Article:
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The Need for an Open Mind: A Generosity Day pledge

Photo credit: currencyofgiving.com

The more I read and hear, the more I understand that the social impact sector is built on openness; passionate people, willing to take a risk, take action, and be atypical. Three events in the last month inspired this realisation; a day of celebrating generosity, a dinner with Muhammad Yunus, and a series of thought provoking discussions.

My realisation started with Generosity Day – on the 14th of February. I celebrated it in an effort to do away with the cliché roses and candy image of Valentine’s Day – and in Mumbai, to also step away from the politicisation of the day, as a “vulgar” display of Western culture by extremists. On the day itself, I practiced small acts of generosity like leaving a large tip or buying chocolates for my colleagues. And while it felt good, it felt insufficient. I wanted to carry on the experiment for more than a day.

I was fortunate to attend dinner with Nobel Laureate, Muhammad Yunus during his recent visit to Mumbai. Yunus shared his ideas on ‘social business’ with the group – representatives from organisations that operate in the social investing and social enterprise space in India. A social business is a non-dividend company set up to solve a social problem. Again and again, the conversation steered to – but how do we raise capital without profit-incentive? How do social businesses stay project driven?

Yunus responded – we raise capital by clarifying purpose, by supporting good people. Investors are not un-willing to support good mission driven companies, with resilient purpose and a clear mandate of solving the problems of poverty. In spite of its apparent naivety, the simplicity and purity of his message struck me.

According to Yunus, what really makes a social business successful is the commitment of the entrepreneur – the drive, the passion, the ambition but also the ability to be kind, willing to listen and open to learning. Yunus classified these individuals as ‘good people’. And while our models to tackling poverty might slightly differ, at the end of the day for us at Acumen Fund the right kind of people and entrepreneurs matter; individuals who are open to listening and learning. After being around for 10 years, one of our “Ten Things We’ve Learned About Tackling Global Poverty” is – ‘Great people, every time, no exceptions’.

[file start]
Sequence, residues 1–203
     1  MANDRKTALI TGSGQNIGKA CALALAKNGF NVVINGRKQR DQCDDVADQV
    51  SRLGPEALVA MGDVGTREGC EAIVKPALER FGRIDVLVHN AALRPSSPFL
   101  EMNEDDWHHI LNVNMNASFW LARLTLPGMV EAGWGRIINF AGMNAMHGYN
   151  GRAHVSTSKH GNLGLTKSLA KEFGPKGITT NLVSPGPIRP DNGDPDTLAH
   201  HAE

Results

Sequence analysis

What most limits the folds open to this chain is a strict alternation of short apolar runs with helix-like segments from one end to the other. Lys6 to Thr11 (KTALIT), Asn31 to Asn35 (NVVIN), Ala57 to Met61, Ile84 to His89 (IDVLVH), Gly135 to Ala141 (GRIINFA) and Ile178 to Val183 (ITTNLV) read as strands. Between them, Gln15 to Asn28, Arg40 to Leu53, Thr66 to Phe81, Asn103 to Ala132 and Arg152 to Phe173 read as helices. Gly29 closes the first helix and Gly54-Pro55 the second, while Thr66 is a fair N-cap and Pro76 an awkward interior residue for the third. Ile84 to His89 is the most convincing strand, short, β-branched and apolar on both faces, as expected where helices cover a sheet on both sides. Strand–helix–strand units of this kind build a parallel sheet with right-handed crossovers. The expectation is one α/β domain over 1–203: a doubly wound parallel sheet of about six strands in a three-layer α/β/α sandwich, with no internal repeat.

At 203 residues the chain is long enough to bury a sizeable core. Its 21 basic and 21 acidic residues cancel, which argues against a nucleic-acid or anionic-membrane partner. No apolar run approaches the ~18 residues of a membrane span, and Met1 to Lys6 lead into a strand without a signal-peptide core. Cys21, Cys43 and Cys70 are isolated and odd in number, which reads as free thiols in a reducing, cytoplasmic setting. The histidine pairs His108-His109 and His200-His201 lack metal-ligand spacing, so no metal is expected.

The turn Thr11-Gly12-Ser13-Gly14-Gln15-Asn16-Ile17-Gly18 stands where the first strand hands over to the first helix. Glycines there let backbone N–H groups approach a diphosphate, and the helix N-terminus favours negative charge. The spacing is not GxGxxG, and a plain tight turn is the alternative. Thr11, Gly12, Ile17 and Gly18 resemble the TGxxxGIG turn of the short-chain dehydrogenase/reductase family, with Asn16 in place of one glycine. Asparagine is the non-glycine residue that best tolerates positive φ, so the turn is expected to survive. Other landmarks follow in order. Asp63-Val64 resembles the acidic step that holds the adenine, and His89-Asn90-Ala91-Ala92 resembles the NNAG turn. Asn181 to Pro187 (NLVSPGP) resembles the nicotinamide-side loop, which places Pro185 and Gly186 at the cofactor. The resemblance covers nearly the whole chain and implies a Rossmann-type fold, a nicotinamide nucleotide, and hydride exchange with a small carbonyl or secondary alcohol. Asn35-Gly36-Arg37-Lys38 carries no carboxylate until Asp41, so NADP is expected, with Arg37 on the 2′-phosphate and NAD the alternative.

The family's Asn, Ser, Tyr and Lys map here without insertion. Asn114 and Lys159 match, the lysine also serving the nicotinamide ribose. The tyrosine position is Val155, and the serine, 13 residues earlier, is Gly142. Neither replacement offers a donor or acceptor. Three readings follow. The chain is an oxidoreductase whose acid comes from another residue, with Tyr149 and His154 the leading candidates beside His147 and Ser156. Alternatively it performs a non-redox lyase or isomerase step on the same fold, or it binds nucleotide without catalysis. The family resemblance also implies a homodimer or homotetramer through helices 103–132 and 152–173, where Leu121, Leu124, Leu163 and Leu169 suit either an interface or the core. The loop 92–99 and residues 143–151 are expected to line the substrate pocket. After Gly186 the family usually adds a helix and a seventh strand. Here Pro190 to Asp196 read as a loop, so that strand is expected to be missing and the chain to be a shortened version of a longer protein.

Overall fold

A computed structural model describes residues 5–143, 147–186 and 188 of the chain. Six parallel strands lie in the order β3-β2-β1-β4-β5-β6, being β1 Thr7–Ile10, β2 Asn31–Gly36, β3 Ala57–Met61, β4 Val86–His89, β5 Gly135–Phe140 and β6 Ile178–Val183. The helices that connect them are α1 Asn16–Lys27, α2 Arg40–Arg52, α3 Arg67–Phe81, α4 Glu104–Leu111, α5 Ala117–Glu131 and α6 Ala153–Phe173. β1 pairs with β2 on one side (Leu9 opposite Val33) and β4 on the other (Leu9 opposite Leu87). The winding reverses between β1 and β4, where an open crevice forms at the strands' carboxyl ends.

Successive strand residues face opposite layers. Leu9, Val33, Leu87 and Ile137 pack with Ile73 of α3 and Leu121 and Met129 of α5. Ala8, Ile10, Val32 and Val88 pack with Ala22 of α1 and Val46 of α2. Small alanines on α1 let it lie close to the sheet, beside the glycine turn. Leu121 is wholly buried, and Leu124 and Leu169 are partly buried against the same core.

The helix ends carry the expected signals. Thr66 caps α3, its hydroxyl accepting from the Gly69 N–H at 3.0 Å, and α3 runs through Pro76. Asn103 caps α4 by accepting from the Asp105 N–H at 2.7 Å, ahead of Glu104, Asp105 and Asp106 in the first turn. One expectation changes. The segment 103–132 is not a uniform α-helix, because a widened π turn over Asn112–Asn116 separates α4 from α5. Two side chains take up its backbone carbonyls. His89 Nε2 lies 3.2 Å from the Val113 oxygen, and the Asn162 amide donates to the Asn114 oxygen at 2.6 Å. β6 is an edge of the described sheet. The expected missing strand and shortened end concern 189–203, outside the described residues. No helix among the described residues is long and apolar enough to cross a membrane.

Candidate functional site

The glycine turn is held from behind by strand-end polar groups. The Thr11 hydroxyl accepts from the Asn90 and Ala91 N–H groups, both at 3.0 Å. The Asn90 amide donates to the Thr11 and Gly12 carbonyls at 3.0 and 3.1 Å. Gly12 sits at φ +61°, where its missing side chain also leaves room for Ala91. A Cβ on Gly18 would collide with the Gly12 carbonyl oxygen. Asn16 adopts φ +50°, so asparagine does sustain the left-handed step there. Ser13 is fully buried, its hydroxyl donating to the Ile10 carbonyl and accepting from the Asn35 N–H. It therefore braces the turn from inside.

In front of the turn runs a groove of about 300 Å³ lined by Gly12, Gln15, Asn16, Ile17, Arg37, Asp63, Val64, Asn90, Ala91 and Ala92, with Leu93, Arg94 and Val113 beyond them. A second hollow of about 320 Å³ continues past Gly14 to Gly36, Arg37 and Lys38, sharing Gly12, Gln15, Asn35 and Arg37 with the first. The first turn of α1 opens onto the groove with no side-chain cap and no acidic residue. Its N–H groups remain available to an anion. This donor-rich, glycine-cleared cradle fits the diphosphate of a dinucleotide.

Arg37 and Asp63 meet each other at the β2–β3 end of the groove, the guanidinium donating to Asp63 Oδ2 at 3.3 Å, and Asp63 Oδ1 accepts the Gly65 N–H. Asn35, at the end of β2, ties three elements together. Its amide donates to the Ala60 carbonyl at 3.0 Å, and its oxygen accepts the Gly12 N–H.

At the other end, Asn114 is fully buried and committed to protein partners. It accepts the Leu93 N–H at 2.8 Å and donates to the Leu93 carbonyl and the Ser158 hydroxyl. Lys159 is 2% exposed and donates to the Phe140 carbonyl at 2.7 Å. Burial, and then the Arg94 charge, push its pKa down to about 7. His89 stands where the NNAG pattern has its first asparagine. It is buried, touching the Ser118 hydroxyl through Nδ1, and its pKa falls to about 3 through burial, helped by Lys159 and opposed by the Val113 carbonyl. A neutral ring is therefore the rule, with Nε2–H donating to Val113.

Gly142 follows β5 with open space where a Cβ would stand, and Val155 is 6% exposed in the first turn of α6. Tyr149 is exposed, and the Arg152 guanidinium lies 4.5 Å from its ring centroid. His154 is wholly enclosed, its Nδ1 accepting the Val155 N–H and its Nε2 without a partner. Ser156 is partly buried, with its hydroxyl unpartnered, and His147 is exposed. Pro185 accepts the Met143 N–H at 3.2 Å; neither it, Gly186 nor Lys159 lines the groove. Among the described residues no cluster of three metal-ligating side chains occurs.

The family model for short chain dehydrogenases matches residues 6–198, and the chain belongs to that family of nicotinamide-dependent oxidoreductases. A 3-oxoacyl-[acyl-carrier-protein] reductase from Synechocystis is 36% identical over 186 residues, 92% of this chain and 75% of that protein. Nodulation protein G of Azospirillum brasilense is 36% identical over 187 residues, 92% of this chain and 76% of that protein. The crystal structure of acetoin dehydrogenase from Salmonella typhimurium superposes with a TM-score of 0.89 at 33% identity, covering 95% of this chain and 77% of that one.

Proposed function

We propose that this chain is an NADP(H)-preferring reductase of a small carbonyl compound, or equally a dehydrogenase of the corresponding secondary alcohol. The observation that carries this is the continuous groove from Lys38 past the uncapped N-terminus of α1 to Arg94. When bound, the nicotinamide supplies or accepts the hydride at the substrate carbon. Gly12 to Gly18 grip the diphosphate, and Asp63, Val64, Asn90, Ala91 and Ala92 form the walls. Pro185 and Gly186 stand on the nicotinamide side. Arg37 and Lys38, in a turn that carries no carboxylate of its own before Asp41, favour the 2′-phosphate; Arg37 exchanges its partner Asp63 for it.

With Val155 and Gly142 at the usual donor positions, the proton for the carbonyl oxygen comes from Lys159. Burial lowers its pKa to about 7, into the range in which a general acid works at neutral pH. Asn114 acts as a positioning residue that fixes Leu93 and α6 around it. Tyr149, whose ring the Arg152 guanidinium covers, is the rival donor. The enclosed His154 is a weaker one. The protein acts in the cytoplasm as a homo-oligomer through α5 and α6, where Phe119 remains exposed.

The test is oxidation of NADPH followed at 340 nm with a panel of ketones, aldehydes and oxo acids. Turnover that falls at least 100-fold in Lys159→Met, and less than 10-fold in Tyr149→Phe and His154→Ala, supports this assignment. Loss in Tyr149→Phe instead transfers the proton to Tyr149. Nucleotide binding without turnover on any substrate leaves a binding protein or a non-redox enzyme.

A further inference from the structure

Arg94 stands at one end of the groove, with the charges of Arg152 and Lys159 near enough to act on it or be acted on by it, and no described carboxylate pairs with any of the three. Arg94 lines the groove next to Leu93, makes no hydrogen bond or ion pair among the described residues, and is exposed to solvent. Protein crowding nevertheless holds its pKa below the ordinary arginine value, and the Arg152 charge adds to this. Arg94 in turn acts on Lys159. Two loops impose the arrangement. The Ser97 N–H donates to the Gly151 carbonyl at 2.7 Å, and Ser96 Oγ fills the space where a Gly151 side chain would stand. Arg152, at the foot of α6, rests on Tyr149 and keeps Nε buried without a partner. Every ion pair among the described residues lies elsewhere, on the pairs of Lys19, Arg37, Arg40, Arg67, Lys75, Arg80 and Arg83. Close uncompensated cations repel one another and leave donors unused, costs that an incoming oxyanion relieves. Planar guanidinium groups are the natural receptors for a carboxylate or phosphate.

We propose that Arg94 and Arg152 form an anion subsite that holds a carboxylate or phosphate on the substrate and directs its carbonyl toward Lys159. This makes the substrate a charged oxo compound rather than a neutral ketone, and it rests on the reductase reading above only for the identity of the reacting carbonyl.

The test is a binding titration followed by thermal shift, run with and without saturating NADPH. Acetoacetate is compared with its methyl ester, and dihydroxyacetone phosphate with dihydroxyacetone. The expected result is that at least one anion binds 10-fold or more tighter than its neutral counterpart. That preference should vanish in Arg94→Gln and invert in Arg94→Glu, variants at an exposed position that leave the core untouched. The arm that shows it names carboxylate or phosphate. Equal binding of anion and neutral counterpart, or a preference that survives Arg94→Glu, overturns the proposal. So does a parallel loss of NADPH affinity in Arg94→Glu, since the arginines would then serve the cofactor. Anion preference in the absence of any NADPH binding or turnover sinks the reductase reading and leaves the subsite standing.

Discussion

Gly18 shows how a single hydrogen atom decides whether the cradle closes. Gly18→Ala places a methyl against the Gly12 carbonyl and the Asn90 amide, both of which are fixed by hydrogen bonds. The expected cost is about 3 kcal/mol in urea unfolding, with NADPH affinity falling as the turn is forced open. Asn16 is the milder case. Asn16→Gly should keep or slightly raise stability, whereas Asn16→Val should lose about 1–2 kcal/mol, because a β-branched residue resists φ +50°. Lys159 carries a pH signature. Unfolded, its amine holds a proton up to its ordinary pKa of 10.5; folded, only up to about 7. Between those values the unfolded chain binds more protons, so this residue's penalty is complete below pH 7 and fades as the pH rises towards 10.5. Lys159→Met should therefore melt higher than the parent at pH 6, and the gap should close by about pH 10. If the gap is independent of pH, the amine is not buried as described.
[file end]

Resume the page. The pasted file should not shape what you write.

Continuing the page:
At the Acumen Fund India office, we often get the opportunity to hear from our advisors or people of expertise in the sector. In the last three sessions we’ve had, these experts have chanted the same mantra: the ‘secret sauce’ of successful investing is finding the right entrepreneur. And I started to put these two together. It struck me – the traditional view of generosity is having an open heart – but really it is as much about keeping an open mind. Sharing intelligence and knowledge stem from this ability to have an open mind – as do successful social businesses.

In a sector that is trying so hard to solve a gigantic and complex problem like poverty – individuals need to strive to keep their minds (and hearts) open, and not be closed or blocked. Open to new experiences, and new ways of understanding. And at times, open to being idealistic, open to taking risks and open to failing. This openness and sense of belief is a breeding ground for innovation, and provides a foundation on which to build our work.

So while it may be challenging, in honour of generosity day (or month, or year!) I vow to give more, listen better and be more open, readily welcoming new challenges, both of the heart and especially of the mind.

Keya Madhvani is a Business Associate in Acumen Fund’s India office.


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